By Hartcher, Peter
The National Interest
WHILE most of the world celebrated the true arrival of the millennium with an explosion of carefully choreographed fireworks, the occasion was marked in two of the major nations of Southeast Asia with meticulously planned sequences of terrorist bombings. The eight deadly detonations in Indonesia and the five in the Philippines were timed and placed for maximum political impact. In Jakarta they were set off in churches in an effort to provoke a Muslim-Christian conflagration. In Manila explosions ripped apart buses and shopping malls in a campaign to foment a sense of national emergency. And in each case the terror campaigns were suspected of being organized not by some lunatic fringe but by a major power bloc in the national establishment that could think of no better way to unsettle political rivals. These bombings tolled the death of Southeast Asia as the world has known it for the past thirty years. They seem to be a suitable, if dreadful, declaration of the arrival of a new era, of the region's abrupt tr ansition from miracle to malaise.
In 1960 Southeast Asia was as grim as sub-Saharan Africa--poor unstable, violent. But by the early 1990s the region had become a shining symbol of hope for the improvement of the Third World while most of sub-Saharan Africa remained a sad synonym for its hopelessness. Southeast Asia's main states became a showcase for economic advancement in the developing world, a case study in the ascendancy of democracy and capitalism, an object lesson in religious and ethnic tolerance. The region was also an exemplar of strategic stability. In 1967 five countries--Indonesia, Malaysia, the Philippines, Singapore and Thailand--formed a stabilizing political bloc, durably anti-communist and pro-capitalist, the Association of Southeast Asian Nations (ASEAN). After the Vietnam War and the triumph of communist Vietnam, the ASEAN states-the great bulk of the region--emerged as a bulwark against Marxist revolution. The dominoes stood firm. Not only did they refuse to tumble, they prospered.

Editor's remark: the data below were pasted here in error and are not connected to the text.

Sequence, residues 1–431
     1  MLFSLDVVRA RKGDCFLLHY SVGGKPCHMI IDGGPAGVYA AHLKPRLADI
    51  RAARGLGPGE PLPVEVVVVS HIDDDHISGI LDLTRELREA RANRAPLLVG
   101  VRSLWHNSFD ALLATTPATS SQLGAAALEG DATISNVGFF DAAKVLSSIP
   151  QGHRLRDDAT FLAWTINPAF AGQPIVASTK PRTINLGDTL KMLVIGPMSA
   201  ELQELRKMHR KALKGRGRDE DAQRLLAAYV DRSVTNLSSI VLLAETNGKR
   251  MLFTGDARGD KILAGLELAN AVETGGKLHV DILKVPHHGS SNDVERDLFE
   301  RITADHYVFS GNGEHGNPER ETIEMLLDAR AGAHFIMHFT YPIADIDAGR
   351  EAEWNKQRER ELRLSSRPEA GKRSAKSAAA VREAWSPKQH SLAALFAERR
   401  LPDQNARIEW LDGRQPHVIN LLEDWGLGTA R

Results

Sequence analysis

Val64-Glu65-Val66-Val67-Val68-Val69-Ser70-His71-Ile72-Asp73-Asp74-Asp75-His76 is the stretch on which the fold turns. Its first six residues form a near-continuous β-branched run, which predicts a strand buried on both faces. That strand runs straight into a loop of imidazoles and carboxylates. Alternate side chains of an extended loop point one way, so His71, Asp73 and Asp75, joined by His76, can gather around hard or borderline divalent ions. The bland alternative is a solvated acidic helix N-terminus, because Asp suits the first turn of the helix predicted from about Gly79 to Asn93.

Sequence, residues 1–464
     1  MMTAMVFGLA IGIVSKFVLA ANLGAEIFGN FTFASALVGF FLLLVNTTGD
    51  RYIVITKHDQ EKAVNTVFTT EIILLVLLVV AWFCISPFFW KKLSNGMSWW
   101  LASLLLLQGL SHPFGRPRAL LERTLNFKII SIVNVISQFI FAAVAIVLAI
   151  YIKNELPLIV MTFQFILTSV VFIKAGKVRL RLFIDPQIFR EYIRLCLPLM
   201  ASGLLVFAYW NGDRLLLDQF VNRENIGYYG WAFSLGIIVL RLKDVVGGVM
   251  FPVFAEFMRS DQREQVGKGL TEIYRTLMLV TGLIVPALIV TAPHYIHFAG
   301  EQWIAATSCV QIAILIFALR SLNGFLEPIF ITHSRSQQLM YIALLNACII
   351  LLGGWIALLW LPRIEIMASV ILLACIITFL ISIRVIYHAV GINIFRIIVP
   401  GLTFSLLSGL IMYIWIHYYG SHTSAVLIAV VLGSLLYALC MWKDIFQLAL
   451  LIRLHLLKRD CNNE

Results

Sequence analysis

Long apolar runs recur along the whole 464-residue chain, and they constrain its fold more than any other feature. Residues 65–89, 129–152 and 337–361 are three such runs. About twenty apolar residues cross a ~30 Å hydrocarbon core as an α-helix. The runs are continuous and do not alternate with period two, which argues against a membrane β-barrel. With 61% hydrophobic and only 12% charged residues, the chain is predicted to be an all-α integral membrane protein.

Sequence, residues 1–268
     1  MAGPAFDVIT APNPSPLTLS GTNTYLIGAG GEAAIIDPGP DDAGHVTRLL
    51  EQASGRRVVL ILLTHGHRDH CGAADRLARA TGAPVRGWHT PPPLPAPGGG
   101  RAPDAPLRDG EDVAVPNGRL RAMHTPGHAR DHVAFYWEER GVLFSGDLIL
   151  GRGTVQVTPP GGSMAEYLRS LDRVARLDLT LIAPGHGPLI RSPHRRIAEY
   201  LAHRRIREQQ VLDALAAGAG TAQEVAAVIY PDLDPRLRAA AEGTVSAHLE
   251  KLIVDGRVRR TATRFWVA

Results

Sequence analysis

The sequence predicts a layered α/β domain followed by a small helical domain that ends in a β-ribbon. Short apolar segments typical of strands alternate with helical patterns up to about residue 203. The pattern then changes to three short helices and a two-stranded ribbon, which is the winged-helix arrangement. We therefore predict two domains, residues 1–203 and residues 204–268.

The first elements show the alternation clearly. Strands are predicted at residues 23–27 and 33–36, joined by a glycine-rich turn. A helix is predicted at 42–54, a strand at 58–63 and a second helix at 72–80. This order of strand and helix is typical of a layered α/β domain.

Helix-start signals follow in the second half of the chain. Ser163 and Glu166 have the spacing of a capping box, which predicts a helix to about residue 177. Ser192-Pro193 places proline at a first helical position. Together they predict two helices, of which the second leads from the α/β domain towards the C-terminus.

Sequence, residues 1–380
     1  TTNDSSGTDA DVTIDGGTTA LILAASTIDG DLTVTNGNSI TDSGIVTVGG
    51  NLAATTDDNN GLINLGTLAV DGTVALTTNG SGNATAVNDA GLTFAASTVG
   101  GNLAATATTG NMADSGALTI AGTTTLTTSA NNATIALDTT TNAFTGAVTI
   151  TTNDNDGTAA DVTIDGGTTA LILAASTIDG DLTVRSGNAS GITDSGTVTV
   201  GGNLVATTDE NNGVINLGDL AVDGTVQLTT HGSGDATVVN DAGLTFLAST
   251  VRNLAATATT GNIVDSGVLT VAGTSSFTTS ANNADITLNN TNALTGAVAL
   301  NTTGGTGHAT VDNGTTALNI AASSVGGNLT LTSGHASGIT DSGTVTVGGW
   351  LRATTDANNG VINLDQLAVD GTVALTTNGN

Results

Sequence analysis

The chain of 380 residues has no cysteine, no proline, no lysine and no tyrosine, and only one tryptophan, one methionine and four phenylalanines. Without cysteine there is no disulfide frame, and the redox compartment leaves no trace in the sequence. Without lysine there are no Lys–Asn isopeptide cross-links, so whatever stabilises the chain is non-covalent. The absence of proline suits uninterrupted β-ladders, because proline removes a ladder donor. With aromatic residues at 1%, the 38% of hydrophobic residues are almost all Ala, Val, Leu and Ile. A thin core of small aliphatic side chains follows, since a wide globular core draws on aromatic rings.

In sum, the region became an economic, political and strategic lodestar, a significant asset for both the Third World and the West. When in 1996 the Singaporean diplomat-intellectual Kishore Mahbubani described the ASEAN experience as a kind of "magic", no one argued. The region, he waxed, "which has greater diversity of race, language, religion, culture etc. than the Balkans of Europe", had emerged as "one of the most peaceful and prosperous corners of the world." It was "a miracle of history." 
Miracles are not only rare; they can also be fleeting. Today--only five years later--when Southeast Asia is compared to the Balkans, it is not to draw a contrast but a parallel. Most regional economies are in disarray. They have emerged from the Asian economic crisis of 1997-98 not improved but enduringly impaired. The collective Southeast Asian economy is smaller today than it was before the crisis broke. Many dormant ethnic and religious resentments have exploded in violence. Democratic systems are under tremendous stress and a stinking tide of corruption is on the rise. The dominant regional power, Indonesia, has lost the territory of East Timor that it held by force of arms for twenty-four years and is in danger of further splintering in a process commonly invoked as Balkanization. The ASEAN grouping has lost the power of action and degenerated to the brink of meaninglessness. And, depressingly, the region is increasingly inclined to blame the West for its troubles.
The holiday bombs are a clear symptom and a timely signal that the world needs to reconsider this asset that is fast becoming a serious liability. How serious a liability? In a June 2000 speech to the Asian Development Forum, Tan Kong Yam, professor of business studies at the National University of Singapore, suspected that, as the rich United States has the poor, crisis-prone Latin America at its feet, the dynamic economies of North Asia will succeed while the poorer nations of Southeast Asia lapse into a long-term, Latin-style stagnation:
Like Latin America, South-East Asia could gravitate towards being poor and prone to periodic crisis for the next ten years. …